Animal products are vital components of the diets and livelihoods of people across sub-Saharan Africa. They are frequently traded in local, unregulated markets and this can pose significant health risks. This volume presents an accessible overview of these issues in the context of food safety, zoonoses and public health, while at the same time maintaining fair and equitable livelihoods for poorer people across the continent.
The book includes a review of the key issues and 25 case studies of the meat, milk, egg and fish food sectors drawn from a wide range of countries in East, West and Southern Africa, as part of the "Safe Food, Fair Food" project. It describes a realistic analysis of food safety risk by developing a methodology of ‘participatory food safety risk assessment’, involving small-scale producers and consumers in the process of data collection in a data-poor environment often found in developing countries. This approach aims to ensure market access for poor producers, while adopting a realistic and pragmatic strategy for reducing the risk of food-borne diseases for consumers.
"This highly readable book addresses an important topic for poverty alleviation and equitable agricultural development. It draws attention to the vital role of informal markets for poor people in Africa and reveals misconceptions about such markets. It contributes to a better understanding of the ethical and equity issues involved in food-safety regulation: Enforcing strict, top-down food-safety regulations can cause more harm than good, as they hinder poor producers and traders from earning a decent living, hinder poor consumers from accessing nutritious animal-based foods at affordable prices, and hinder efforts to motivate improved food handling to reduce risks of food-borne diseases. The book challenges development practitioners and policymakers to rethink their approaches to food safety so that they don’t ‘throw out the baby with the bathwater’. - Ann Waters-Bayer in "Agriculture and Human Values" (2016).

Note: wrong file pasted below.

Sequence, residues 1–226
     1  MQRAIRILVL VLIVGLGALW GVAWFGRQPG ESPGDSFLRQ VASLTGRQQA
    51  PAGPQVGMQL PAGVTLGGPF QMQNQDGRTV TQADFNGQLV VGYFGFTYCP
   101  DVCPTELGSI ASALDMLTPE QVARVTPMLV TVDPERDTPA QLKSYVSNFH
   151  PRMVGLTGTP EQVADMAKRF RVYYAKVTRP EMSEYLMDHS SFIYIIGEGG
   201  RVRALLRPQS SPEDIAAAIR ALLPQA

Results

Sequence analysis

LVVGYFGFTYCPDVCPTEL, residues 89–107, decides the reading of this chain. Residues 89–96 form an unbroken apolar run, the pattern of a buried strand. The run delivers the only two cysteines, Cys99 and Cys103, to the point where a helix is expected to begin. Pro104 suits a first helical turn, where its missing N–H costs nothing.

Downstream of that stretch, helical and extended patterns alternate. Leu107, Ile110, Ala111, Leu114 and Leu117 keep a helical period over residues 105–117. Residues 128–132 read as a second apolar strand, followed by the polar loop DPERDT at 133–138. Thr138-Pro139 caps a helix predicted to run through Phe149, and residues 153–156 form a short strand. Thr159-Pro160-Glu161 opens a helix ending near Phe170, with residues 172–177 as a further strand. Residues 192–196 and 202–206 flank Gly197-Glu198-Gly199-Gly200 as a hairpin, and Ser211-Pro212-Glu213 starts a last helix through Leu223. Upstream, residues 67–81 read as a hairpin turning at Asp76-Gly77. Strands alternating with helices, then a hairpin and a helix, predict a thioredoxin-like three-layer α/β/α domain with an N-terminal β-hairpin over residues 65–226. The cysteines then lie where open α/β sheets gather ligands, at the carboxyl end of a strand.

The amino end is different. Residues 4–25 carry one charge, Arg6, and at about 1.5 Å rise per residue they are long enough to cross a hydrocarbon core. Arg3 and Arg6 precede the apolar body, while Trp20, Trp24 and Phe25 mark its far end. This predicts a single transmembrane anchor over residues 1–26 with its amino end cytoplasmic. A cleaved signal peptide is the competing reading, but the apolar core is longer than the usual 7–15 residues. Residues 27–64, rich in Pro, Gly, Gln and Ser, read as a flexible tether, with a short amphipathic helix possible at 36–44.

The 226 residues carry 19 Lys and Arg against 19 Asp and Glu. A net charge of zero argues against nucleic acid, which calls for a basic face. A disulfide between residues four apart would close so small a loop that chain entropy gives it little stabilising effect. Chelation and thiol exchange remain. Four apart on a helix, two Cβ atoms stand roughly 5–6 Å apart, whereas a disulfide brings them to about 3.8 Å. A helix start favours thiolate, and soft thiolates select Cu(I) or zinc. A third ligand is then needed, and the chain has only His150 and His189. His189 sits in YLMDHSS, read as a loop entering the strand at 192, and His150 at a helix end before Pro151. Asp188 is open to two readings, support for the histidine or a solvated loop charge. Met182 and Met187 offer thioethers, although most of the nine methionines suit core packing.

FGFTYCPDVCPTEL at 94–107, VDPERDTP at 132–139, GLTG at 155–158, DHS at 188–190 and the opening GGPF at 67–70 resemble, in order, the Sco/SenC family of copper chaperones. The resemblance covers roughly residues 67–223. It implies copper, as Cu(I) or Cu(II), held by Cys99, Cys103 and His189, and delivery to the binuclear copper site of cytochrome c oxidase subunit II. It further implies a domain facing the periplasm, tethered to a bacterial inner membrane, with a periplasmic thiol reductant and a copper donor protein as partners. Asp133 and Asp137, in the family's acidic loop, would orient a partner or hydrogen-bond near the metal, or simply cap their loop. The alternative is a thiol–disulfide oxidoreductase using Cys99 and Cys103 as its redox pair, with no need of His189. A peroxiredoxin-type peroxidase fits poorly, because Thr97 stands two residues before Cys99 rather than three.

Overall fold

Part 1: Food Safety in Sub-Saharan Africa
2. Taking Food Safety to Informal Markets
3. Informal Markets are Not Necessarily Dangerous and Formal Markets are Not Necessarily Safe
4. Hazards do not always Translate into Risks
5. Can Participation Improve Food Safety?
6. Farmers, Traders and Retailers are Risk Managers
7. Understanding Values and Culture is Crucial for Food Safety Management
8. Can Food Safety be Pro-poor?
9. Gender Aspects of Informal Markets for Animal-source Food
Part 2: Twenty-five Proof-of-concept Studies from Sub-Saharan Africa
10. Inadequate Access to Safe Water for Livestock and People in Rural Ethiopia
11. Low Quality of Water and Milk in Rural Ethiopia Poses Risks to Human Health
12. Is Ethiopian Raw Milk Safe for Human Consumption?
13. Milk Quality in Peri-urban Dar es Salaam: Cream on Top or Tip of the Iceberg?
14. Equal Pay for Equal Work in Kenya
15. Kenya’s Economic Gain leading to Health Pain?
16. Emerging Diseases threaten Ghana’s Emerging Milk Market
17. Hand-washing is Likely to turn Ivorian Milk into a Safe and Competitive Product
18. When Clean Milk Production cannot be Assured, Boiling before Consumption is Non-negotiable
19. Are Malarial Symptoms Mistaken for Brucellosis in Mali?
20. Boiling Milk Disrupts the Social Order of Communities in Mali
21. Beef in Export Abattoirs not Safer than that in Local Abattoirs
22. A Single Slip may cause Lasting Injury: Beef in Kenya Contaminated from the Start
23. Risky Roast Beef in Tanzania
24. Risky Roast Beef in Tanzania? Not yet Confirmed!
25. Informal Markets in Mozambique Risky for Local Chicken
26. Arrive Alive in South Africa: Chicken Meat the Least to Worry About
27. Informal Selling of Meat in South Africa
28. How an Antelope could Alleviate Poverty in South Africa
29. Sustainable Livelihoods in South Africa through Marketing of Biltong
30. Participation: (un)Manageable Tool for Risk Analysis of Traditional Slaughter of Goats in South Africa?
31. A Critical Review of Food Safety and Land Policies in South Africa
32. Is Ghana Threatened with Disease from its Heavy Fish Consumption?
33. European Union Trade Regulations Influencing Food Production in Côte d’Ivoire
34. Shellfish on the Table not to Blame for Chronic Cough in Côte d’Ivoire
Part 3: Annexes
Annex 1. Project Partners from 2008 to 2011
Annex 2. List of Publications from the Safe Food, Fair Food Project